Beyond the traditional bifurcations: starting a gender transition as a biographical event.

Yael Armangau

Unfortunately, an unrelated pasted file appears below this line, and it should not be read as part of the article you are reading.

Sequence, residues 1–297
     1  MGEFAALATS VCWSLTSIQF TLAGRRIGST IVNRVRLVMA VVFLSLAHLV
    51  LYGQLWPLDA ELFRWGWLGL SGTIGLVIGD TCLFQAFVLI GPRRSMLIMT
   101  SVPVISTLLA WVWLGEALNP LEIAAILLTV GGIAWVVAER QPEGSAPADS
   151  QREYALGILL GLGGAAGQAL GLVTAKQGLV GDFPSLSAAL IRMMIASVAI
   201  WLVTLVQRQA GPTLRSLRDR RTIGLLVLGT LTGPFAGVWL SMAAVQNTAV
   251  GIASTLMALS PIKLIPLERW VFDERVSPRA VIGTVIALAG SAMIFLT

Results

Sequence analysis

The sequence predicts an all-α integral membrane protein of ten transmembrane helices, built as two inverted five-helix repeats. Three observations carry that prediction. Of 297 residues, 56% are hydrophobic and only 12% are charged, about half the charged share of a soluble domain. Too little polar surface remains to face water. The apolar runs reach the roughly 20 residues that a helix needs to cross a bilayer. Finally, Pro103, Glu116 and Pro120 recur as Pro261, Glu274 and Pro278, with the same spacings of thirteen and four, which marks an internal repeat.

Personal networks have significant changes during life events and biographical transitions. These events can have serious repercussions on personal networks and on the resources that actors can mobilize to deal with them. The aim of our presentation is to extend researches on biographical bifurcations by analyzing the engagement in a (gender) transition process. Previous researches highlighted transformations, fragmentations and transitions in life-course temporalities of cisgenders (Becquet and Bidart, 2013; Bidart, 2006; Bessin, Bidart and Grossetti, 2009; Charton and Lévy, 2009). But transgender temporalities are different because they require rare resources. Starting a gender transition process is a strong biographical event that very often leads to loss of ties, discriminations (social and institutional) and a strong re-structuring of the network outside the so-called traditional structures (the family, for example). How do trans people's support networks (re)-structure themselves? Is there a specialization of relationships based on types of support? In what ways does this biographical bifurcation impact the actors' personal network (loss of friendships, place of family, etc.)? These are the questions at the center of our presentation. First, we will present results from a pre-study based on a small sample (n = 20). We show how the support networks of trans people are disrupted. They are distinguished by the absence of family ties and an important homophily based on gender transition. This phenomenon is amplified by social media because they help them to find specific resources (information on gender transition, hormonotherapy, find safe doctors, etc). Then we highlight how these resources are mobilised by the actors during their gender bifurcation and the specifics forms of social solidarity in this life event. Secondly, we will describe our methodology based on sociology of personal networks in order highlight these biographical bifurcations despite a population "hard to catch" and distrustful of the social sciences. This issue will guide the second axis of our presentation, which will come back to both "social" and methodological means implemented in the construction of our thesis data collection. Our reflection will focus more specifically on the implementation of a self-administered online questionnaire, centered on the biographical bifurcation episode and including event-based name generators. This communication therefore aims to question the restructuring of the relational dynamics during a gender bifurcation using an innovative methodology that is as close as possible to the actors.

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